What Exactly Does Self-Advocacy Mean?

It means taking the responsibility for communicating one’s needs and desires in a straightforward manner to others. It is a set of skills that includes:

§ Speaking up for yourself

§ Communicating your strengths, needs and wishes

§ Being able to listen to the opinions of others, even when their opinions differ from yours

§ Having a sense of self-respect

§ Taking responsibility for yourself

§ Knowing your rights

§ Knowing where to get help or who to go to with a question

One of the best places to start teaching your child about self-advocacy is in his or her Individualized Education Program (IEP) meetings. Including your son or daughter in the IEP meeting provides him or her with an opportunity to learn and practice important life skills. Some advantages your child may gain by being involved in the IEP process include:

§ Learning about the impact of his or her disability

§ Practicing goal setting

§ Building teamwork skills

§ Developing an ability to speak up for himself or herself

§ Participating in a process of resolving differences

§ Gaining an understanding of his or her strengths and needs

§ Learning how to ask for and accept help from others.

Even very young children can contribute to their IEP meetings. If you feel your child is too young to participate in the entire meeting, you may choose to include him or her just in the opening of the meeting. This helps your child to know the IEP team members better and to start to be more comfortable in a child to display at the meeting. You can also receive your child’s input before you attend the IEP meeting. Ask your child if there is anything he or she would like to share at the meeting or to have you share. It can also be very beneficial to ask each team member to state one positive trait or skill your child has as you begin the meeting. Be sure to include your child in this sharing of positives. After the IEP meeting, sit down with your child and explain the goals and services or answer any questions your child may have.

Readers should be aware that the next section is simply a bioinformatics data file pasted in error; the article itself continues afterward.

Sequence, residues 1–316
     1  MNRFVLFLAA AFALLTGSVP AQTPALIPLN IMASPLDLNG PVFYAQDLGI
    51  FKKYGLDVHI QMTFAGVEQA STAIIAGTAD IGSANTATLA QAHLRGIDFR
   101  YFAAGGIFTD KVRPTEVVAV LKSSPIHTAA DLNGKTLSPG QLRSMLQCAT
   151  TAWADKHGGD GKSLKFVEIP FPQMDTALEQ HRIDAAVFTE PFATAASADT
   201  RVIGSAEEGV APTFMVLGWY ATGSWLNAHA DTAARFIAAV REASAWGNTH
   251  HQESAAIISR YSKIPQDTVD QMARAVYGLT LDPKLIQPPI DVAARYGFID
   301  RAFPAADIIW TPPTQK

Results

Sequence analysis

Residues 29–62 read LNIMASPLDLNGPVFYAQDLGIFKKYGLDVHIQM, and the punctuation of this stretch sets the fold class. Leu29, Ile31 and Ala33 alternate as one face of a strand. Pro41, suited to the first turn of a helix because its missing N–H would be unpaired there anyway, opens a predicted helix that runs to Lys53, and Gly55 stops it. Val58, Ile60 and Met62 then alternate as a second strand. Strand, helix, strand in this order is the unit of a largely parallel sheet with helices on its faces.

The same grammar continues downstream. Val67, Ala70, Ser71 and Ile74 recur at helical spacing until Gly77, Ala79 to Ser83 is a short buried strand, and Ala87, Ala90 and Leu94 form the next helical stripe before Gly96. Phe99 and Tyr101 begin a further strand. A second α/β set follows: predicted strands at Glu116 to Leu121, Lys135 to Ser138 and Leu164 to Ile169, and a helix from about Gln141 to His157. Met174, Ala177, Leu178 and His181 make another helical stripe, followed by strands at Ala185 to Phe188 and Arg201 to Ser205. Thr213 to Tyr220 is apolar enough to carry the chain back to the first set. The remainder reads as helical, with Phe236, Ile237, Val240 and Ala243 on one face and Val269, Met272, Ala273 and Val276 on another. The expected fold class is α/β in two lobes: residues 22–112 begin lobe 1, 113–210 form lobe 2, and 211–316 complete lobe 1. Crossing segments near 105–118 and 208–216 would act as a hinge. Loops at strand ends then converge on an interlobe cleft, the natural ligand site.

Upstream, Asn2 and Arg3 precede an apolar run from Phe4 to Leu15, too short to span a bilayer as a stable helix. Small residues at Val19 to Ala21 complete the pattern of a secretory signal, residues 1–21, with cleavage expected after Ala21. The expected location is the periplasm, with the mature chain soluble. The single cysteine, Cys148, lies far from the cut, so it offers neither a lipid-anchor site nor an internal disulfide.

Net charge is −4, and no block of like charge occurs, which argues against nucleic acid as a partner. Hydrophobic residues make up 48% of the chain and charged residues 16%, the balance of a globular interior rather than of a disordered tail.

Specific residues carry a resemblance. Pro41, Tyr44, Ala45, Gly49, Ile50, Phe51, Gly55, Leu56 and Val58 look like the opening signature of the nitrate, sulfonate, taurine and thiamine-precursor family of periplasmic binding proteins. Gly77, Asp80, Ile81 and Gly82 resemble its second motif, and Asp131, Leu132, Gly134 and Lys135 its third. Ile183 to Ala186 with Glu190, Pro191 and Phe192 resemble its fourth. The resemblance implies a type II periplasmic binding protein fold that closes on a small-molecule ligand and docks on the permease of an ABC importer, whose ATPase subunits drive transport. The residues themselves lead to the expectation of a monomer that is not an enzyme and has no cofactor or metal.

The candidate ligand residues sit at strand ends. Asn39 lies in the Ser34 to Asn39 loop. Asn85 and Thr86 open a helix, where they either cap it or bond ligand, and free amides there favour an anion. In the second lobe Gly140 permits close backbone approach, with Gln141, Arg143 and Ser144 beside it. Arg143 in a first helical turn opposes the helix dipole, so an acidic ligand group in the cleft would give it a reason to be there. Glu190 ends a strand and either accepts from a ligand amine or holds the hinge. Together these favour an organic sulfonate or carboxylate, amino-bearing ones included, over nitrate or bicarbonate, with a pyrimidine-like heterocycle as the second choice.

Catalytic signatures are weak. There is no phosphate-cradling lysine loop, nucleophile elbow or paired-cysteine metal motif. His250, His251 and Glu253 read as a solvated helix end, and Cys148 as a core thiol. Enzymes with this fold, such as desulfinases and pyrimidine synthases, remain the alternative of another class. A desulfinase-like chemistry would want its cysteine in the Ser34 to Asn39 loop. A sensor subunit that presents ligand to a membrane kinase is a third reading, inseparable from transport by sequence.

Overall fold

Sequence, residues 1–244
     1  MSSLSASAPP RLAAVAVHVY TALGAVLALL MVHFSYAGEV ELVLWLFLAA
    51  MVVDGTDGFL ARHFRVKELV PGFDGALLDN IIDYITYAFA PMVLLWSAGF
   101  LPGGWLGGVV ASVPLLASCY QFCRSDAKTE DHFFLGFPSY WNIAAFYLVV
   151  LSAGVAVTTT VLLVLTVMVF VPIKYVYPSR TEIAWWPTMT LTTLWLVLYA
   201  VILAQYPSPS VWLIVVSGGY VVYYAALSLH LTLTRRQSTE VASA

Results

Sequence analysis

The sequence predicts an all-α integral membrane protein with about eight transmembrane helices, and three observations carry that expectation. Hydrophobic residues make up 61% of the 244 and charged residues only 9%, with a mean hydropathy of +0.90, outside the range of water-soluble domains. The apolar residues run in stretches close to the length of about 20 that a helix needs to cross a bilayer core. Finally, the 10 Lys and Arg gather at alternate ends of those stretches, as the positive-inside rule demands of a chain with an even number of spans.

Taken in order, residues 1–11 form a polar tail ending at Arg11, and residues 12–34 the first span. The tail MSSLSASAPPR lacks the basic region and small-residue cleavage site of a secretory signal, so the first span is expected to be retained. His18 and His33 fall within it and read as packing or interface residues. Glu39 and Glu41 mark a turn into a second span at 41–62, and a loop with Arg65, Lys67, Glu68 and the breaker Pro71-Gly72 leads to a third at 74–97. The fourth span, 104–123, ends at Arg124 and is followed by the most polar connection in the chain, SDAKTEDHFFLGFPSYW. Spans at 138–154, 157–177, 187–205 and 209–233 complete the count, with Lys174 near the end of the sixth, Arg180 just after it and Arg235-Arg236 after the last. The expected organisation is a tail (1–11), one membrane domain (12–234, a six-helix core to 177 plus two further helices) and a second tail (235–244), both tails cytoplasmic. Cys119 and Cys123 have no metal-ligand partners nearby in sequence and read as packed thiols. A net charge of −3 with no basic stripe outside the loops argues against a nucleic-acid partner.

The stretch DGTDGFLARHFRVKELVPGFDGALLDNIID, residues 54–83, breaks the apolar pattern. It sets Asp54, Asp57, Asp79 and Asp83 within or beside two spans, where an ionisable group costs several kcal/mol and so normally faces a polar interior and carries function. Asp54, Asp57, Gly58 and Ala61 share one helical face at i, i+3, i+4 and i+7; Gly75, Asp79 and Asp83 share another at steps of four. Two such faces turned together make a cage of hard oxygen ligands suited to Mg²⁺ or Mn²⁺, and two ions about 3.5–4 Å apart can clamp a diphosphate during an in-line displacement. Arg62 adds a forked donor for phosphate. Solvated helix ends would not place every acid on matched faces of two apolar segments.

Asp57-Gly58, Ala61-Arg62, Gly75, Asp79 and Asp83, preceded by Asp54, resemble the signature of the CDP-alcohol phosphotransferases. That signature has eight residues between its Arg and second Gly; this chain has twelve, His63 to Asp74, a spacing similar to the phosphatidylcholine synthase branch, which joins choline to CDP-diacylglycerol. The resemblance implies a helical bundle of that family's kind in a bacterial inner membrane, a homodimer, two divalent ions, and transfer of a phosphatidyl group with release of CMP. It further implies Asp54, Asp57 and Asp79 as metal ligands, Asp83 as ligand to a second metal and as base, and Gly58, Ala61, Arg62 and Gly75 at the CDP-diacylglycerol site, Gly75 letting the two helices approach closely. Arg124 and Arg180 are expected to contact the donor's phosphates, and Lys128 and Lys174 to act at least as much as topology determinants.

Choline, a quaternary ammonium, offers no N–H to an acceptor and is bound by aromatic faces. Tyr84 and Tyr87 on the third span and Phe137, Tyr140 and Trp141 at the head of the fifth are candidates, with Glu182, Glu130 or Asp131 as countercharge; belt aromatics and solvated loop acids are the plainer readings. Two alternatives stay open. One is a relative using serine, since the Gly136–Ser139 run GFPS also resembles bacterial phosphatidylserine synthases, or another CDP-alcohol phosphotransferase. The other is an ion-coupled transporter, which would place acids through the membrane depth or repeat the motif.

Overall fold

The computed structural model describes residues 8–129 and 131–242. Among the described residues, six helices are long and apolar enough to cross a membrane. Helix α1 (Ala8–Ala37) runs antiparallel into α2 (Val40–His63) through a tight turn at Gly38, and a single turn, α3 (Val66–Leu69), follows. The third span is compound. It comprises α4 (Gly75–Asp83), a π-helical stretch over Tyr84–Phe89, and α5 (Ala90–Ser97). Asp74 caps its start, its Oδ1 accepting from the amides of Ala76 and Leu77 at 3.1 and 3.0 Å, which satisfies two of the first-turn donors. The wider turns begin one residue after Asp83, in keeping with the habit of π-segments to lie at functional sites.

As your child becomes older, the ways in which he or she can participate in his or her IEP meetings greatly increases. It is important to discuss the meeting process with your child beforehand. Role-playing being in an IEP meeting with your child can be a great teaching tool and may help your child to feel less anxious about participating.

Some Questions You May Want to Discuss with Your Son or Daughter Prior to the IEP

Meeting Are:

What do you want to learn or work on this year?

What are your special concerns for the school year?

How do you learn the best?

What do you need to be successful?

What would make learning easier for you?

What do you wish your teacher and other school staff would understand about you?

Discuss with your child how to handle the situation if something negative or difficult to hear is said about him or her in the meeting. Determine at what point, if any, you would stop the meeting and have your child leave. If the meeting is likely to be too stressful or negative, have your child only attend part of it and determine the agenda ahead of time with the team. Be sure to include your child’s input on the agenda. If your child chooses not to attend a meeting, ask if he or she would be willing to share ideas or opinions in writing or on tape to provide to the team.

Get more of this good stuff here.